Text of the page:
Also called the ‘Edible Periwinkle’, the shell is variable in colour, from black and grey to brown, white or red, and usually patterned with spiral dark lines. It is conical in shape with a pointed apex. This is the largest British periwinkle, but is usually smaller than 50mm.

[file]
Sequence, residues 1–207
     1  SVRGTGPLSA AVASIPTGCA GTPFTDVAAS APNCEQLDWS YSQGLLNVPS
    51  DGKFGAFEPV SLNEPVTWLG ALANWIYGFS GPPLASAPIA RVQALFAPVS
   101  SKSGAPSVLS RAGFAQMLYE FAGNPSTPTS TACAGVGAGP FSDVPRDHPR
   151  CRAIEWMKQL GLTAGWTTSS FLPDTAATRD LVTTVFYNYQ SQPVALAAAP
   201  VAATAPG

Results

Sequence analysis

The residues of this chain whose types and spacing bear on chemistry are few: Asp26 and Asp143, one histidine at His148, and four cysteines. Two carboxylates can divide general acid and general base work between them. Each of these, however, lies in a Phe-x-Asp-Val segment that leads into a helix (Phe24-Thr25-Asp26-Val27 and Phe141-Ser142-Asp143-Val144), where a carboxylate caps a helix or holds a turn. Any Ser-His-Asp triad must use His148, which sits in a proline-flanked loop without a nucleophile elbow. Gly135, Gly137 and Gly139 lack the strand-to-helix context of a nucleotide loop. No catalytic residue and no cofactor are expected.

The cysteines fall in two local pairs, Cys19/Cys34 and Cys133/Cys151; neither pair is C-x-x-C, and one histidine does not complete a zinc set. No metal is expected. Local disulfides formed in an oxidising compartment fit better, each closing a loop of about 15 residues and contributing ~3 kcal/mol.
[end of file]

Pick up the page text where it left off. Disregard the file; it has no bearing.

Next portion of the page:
It favours rocky shores upper to lower zones with a good covering of seaweed. It can also be found in mud-flats or esturaries. The Common Periwinkle is a herbivore which grazes on seaweeds. Widespread and abundant throughout.
Photographs of Common Periwinkle (Littorina littorea) taken June 2012 (top 2 photos) and April 2014 (bottom photo), Llandudno, Wales. © Pete Hillman 2012 and 2014. Cameras used Panasonic Lumix DMC-FZ38 and Nikon D3200, with Sigma 105mm macro lens.